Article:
‘This the game I have been telling you about,’ two-time Oscar winner Tom Hanks reportedly yelled across the Shannon airport bar to his two sons as the Galway and Limerick minors drew scimitars last month.
“There are 40 million Irish-Americans or people in America of Irish descent,” Cusack continued.
“Even if you got, in one season, 10 per cent more of those people watching the games, wouldn’t that be some target to aim for?”
“Hurling is a game that needs to be promoted,” said GAA president Liam O’Neill. “The sort of missionary spirit that you hear every time Donal Óg opens his mouth is really impressive, isn’t it?
“He came up with this concept, came to us with it and we said let’s try it out. What’s the worst that can happen?”
Cusack is joined on the organising committee by GAA games director Pat Daly, former Galway selector Mattie Kenny, former Cork and Limerick manager Donal O’Grady and Tom Barry of Kilmacud Crokes.
Sounds good, right? Well before we all start singing the praises of this, let's take a closer look.
With no uprights or points as well as the other rule changes, this is a fundamentally different game from GAA-regulation hurling. This creates a rival version of the game that seems to have been designed by a focus group. So now when first-time viewers google for hurling they're going to find two versions of the game and not know which is which, undermining our efforts to spread the word of the game.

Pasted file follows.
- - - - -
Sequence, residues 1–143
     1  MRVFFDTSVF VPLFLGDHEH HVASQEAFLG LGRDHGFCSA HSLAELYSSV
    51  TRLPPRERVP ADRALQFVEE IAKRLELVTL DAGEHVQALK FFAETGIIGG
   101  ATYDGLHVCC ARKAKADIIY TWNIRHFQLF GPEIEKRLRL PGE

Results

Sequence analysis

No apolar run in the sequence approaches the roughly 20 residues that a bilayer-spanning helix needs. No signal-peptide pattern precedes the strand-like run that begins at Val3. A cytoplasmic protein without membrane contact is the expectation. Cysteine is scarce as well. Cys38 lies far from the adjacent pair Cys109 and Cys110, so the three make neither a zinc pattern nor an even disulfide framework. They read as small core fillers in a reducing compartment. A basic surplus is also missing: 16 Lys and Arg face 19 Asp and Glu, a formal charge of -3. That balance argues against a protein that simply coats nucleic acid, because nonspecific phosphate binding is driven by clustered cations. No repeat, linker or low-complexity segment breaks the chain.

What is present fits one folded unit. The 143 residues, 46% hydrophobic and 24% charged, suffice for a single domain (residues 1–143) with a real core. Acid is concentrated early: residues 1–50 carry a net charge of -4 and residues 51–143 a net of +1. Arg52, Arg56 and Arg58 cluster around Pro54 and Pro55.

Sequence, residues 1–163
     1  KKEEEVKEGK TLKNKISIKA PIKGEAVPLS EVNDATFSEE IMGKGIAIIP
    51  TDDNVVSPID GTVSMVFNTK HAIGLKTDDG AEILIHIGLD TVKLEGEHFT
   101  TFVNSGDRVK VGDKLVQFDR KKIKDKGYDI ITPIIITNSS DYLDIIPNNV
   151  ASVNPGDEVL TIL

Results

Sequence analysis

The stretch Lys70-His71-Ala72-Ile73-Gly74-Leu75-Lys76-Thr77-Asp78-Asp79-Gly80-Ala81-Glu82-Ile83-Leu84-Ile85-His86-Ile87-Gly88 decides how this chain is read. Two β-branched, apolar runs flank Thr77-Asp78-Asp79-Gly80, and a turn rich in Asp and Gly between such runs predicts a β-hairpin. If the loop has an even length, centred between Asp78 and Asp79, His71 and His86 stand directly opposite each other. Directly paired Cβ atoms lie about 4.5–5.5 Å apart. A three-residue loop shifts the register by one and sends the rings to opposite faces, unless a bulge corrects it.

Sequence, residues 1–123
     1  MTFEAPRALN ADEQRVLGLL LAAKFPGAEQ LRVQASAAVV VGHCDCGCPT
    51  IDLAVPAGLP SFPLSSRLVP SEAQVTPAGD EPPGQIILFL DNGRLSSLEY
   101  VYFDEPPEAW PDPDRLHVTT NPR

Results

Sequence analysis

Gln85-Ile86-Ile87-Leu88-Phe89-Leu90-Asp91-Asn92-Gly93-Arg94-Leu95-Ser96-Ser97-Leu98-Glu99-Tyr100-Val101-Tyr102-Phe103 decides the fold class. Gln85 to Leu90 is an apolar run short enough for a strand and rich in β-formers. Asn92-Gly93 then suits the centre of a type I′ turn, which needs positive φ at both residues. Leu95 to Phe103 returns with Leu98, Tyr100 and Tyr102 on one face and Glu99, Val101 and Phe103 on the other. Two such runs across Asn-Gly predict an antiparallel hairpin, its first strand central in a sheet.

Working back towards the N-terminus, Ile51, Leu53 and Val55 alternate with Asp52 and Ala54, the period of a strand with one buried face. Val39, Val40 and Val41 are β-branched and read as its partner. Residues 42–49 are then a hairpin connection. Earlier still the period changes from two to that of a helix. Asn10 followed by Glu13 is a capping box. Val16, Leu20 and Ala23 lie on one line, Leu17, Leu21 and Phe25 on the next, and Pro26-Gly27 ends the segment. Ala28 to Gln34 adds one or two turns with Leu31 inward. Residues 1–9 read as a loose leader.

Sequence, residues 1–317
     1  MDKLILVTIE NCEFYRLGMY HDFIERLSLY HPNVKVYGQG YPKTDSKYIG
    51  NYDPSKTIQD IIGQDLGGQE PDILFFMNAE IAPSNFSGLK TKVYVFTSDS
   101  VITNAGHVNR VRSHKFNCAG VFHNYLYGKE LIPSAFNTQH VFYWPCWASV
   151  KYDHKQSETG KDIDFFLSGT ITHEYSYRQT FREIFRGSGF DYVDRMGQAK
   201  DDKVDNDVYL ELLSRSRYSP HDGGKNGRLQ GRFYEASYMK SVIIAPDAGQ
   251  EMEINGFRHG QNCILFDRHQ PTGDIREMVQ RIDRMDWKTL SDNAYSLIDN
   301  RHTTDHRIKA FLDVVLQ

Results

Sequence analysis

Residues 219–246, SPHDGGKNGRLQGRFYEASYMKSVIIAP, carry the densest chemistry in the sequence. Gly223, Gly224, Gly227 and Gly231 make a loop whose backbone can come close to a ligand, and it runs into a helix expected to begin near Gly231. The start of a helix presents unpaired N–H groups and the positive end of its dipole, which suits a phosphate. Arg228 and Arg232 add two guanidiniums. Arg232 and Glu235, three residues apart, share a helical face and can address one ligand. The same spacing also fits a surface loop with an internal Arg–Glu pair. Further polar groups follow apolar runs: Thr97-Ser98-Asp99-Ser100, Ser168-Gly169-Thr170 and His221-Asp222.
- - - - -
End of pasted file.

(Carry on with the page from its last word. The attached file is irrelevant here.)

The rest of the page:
Nobody in America, who has actual experience of promoting the game here, was consulted on this. The hurling clubs and the GAA in America has been completely sidelined by this. They were neither consulted nor informed about it. My board has been promoting the game on US college campuses since about 2007 and the first we got to hear about this was through the media yesterday. The first the North American Board Chairman got to hear about it was when I rang him yesterday.
If anybody in America had been consulted, we'd have been able to tell Mr Cusack et al that hurling is well able to be promoted in America in its present form with minimal modifications. We play 13-a-side on short fields and it's not a problem, particularly in the lower entry-level grades. We'd have been able to tell them that what they're planning is a really bad idea and can hurt us rather than help us.
Cusack has openly admitted that this is about raising money for the GPA, or "creating revenues" as he likes to call it in his corporate-speak. Any money raised by this is going to go into the pockets of the GPA and taken back to Ireland, not a penny of it is going to be seen by hurling clubs in America.
It's as if they sat down and had the gall to say "let's go across the water and promote hurling, and let's not bother our heads speaking to anybody in America who might have been doing just that for years, because what would they know compared to such big-shots as us?" Even more galling is that the GAA senior management has collaborated with them, helped them to develop this behind our backs, and kept us out of the loop all the way through to the press release.
I can tell you now that the backlash has started already. The hurling clubs in America are not happy about this, and rightly so. The excrement is forcefully striking the electrically-powered air circulation device.